STRESS and YOU

How do you handle STRESS??

What is stress and how can you get a handle on it?

Stress can be beneficial and it can harmful. Stress is beneficial by helping you develop the skills you need to cope and adapt to new and potentially threatening situations in your life; however, if you don't handle stress well it can cause negative consequences in your life and stress-related illnesses when your body is no longer able to keep up with the demands. Stress can have effects on cognitive function, can lead to cardiovascular diseases such as hypertension due to long-term exposure to catecholamines, and makes you more susceptible to infections.

Learning to manage and adapt to stress is the first step in getting a handle on it.


Some stress management techniques include:

  • Relaxation

  • Meditation

  • Guided Imagery

  • Biofeedback

  • Anticipatory Guidance

Some people deal with stress using defense mechanisms which are ways that we protect ourselves from things we do not want to think about or deal with. These could include: aggression, regression, repression, withdrawal, and fixation

Stressors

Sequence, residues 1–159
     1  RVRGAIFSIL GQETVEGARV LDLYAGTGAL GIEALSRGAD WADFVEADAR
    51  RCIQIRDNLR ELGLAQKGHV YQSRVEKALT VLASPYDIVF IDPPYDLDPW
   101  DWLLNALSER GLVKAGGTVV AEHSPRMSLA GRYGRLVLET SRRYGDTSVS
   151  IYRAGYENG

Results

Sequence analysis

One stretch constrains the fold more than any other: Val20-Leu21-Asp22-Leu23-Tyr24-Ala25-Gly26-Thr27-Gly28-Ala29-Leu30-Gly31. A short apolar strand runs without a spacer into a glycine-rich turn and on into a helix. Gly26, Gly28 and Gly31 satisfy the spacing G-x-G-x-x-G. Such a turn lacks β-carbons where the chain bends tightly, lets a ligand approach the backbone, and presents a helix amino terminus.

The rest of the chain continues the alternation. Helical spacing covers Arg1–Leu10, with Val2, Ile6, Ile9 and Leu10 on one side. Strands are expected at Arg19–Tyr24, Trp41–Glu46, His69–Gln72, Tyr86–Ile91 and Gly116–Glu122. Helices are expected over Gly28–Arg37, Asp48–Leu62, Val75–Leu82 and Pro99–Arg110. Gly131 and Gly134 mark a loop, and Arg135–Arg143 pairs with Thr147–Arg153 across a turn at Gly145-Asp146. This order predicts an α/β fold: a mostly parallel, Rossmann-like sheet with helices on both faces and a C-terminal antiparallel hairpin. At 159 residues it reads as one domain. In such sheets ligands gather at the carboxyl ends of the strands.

Your perception of a stressor determines

how much stress is caused

Physiologic

  • Pain
  • Excessive Noise
  • Starvation
  • Infection

Psychologic

  • Medical Diagnosis
  • Death of a loved one
  • Caring for a loved one
  • Relationship problems

Are you stressed??

Signs and Symptoms of Stress

Cognitive Symptoms

  • Memory problems

  • Inability to concentrate

  • Poor judgment

  • Seeing only the negative

  • Anxious or racing thoughts

  • Constant worrying


Emotional Symptoms

  • Moodiness

  • Irritability or short temper

  • Agitation, inability to relax

  • Feeling overwhelmed

  • Sense of loneliness and isolation

  • Depression or general unhappiness


Physical Symptoms

  • Aches and pains

  • Diarrhea or constipation

  • Nausea, dizziness

  • Chest pain, rapid heartbeat

  • Loss of sex drive

  • Frequent colds


Behavioral Symptoms

  • Eating more or less

  • Sleeping too much or too little

  • Isolating yourself from others

  • Procrastinating or neglecting responsibilities

  • Using alcohol, cigarettes, or drugs to relax

  • Nervous habits (nail biting, pacing)

Prevention of Stress

Stress prevention comes in three levels.


Primary Prevention of stress is a proactive action taken that aims to prevent illness among individuals by reducing stress exposure


Secondary Prevention of stress aims to modify an individuals response to stressors


Tertiary Prevention of stress aim to minimize the effects of stress related problems once they have occurred.

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